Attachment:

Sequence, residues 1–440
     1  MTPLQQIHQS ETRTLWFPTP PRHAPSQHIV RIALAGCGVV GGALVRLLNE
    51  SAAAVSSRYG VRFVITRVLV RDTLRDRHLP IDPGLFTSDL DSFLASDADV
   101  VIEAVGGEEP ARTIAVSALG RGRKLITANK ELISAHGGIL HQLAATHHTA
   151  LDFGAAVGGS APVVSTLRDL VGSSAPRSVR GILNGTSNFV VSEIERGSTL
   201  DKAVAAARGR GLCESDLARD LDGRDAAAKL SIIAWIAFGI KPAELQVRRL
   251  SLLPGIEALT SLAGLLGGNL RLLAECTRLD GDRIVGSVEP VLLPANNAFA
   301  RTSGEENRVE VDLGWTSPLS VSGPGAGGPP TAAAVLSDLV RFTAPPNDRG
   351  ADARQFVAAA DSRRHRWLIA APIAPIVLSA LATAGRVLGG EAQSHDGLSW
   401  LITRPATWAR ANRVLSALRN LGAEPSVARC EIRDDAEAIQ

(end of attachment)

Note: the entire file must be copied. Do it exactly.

Sequence, residues 1–440
     1  MTPLQQIHQS ETRTLWFPTP PRHAPSQHIV RIALAGCGVV GGALVRLLNE
    51  SAAAVSSRYG VRFVITRVLV RDTLRDRHLP IDPGLFTSDL DSFLASDADV
   101  VIEAVGGEEP ARTIAVSALG RGRKLITANK ELISAHGGIL HQLAATHHTA
   151  LDFGAAVGGS APVVSTLRDL VGSSAPRSVR GILNGTSNFV VSEIERGSTL
   201  DKAVAAARGR GLCESDLARD LDGRDAAAKL SIIAWIAFGI KPAELQVRRL
   251  SLLPGIEALT SLAGLLGGNL RLLAECTRLD GDRIVGSVEP VLLPANNAFA
   301  RTSGEENRVE VDLGWTSPLS VSGPGAGGPP TAAAVLSDLV RFTAPPNDRG
   351  ADARQFVAAA DSRRHRWLIA APIAPIVLSA LATAGRVLGG EAQSHDGLSW
   401  LITRPATWAR ANRVLSALRN LGAEPSVARC EIRDDAEAIQ